The Dodgers are rolling again. They clinched home-field advantage through the National League playoffs Tuesday with their third consecutive victory. They have won 101 games, including 56 at home, the latter a record since the team moved to Los Angeles six decades ago. They are close to clinching the best record in the major leagues, and with it the home-field edge in a potential World Series.
The march to October is not without its speed bumps. Can the Dodgers win if Corey Seager is not hitting? And do the Dodgers believe their best postseason pitching staff includes Alex Wood in the bullpen?
The first question might be more relevant to the Dodgers’ October fate, but that issue has lingered for a few weeks. The second question exploded into the public discussion Tuesday, when manager Dave Roberts said the Dodgers were “not prepared to make a decision” about whether Wood, an All-Star, would be a part of the Dodgers playoff rotation.
“I expect to start,” Wood said after the Dodgers’ 9-2 victory over the San Diego Padres. “I’ve been pretty good all year. I think everybody in this clubhouse trusts me with the ball in my hand.”
Wood (16-3) gave up two runs in six innings for the victory, a performance he nonetheless called “uninspiring.”
The Dodgers were delighted with home runs from Yasmani Grandal and Adrian Gonzalez, thrilled with a home run from Seager, and perhaps most inspired by Cody Bellinger.
Bellinger, moved to center field for a day so Gonzalez could get a start at first base, threw a 99-mph strike to throw out Wil Myers at home plate.
Grandal has 22 home runs, most of any NL catcher. Gonzalez, most likely competing with Andre Ethier for the postseason roster spot of left-handed pinch-hitter, hit his first home run since Aug. 24.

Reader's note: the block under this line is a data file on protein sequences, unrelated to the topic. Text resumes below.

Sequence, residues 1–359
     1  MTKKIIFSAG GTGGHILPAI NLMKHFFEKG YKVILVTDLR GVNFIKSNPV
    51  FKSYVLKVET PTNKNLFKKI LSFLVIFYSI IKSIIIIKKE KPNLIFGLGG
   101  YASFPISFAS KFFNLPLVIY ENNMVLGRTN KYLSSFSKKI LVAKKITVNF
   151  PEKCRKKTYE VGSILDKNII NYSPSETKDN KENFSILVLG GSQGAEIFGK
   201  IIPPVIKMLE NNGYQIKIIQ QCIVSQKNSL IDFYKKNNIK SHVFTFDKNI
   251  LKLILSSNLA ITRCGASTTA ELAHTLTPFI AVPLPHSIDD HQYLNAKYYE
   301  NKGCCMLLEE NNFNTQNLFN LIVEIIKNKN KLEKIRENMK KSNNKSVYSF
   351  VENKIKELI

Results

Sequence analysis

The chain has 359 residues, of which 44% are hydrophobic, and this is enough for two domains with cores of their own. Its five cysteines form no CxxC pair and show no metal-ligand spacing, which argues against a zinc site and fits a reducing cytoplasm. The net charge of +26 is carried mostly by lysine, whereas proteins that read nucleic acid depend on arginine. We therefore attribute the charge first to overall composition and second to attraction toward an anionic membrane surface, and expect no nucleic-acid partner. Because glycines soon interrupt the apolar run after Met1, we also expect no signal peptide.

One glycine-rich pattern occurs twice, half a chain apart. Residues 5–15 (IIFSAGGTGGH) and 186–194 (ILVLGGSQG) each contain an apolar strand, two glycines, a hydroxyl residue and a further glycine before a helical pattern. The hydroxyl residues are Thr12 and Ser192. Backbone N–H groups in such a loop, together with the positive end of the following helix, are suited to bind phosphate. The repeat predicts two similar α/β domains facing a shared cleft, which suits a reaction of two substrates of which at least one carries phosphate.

But the home run that made the Dodgers breathe the easiest was the one hit by Seager. He entered the game batting .172 in September, with a .489 on-base-plus-slugging percentage and one home run in his previous 143 at-bats. He homered, singled and drove in four runs in his first multi-hit game since Aug. 25.
Seager attributed the slump not to his sore elbow, which is an issue while throwing, but to the timing he lost when he did not start for 11 consecutive days so he could rest the elbow.
“If you take that much time off, you’ve got to find it again,” Seager said.
In the three postseason series in which Seager has played, he has slugged .270 in the two the Dodgers lost and .435 in the one they won. So, again: Can the Dodgers win in October if he is not hitting?
“Can it happen? Absolutely,” Roberts said before the game. “Is it ideal? Absolutely not. You can say that about any team’s best player.
“We expect Corey to get out of this funk and be as productive as he’s always been.”
Wood has a 2.72 earned-run average, ranking fifth among major league starters with at least 150 innings. The top four: Clayton Kershaw, Corey Kluber, Max Scherzer and Stephen Strasburg.
His .842 winning percentage is the best among major league starters.
However, Wood has lost a bit of velocity on his fastball late in the season, with his groundball rate down and his flyball rate up.
That could be a worry against the Dodgers’ most likely opponents in the division series, because Wood probably would start in one of two homer-happy ballparks, either in Chase Field against the Arizona Diamondbacks or in Coors Field against the Colorado Rockies.
The Dodgers would have the option to use Kershaw on short rest in the division series, or to use Hyun-Jin Ryu as a fourth starter. Ryu has given up no more than one run in five of his last six starts.
The Dodgers have struggled to identify the middle relievers that might justify inclusion on a playoff roster. They already have said Kenta Maeda will be considered for such a role, although Maeda has four career relief outings in 279 professional appearances. They have ruled out Ryu as a reliever.
Wood has made all four of his postseason appearances in relief. The Dodgers put him in the bullpen at the start of this season, but he soon filled a vacancy in the rotation and emerged as an All-Star.
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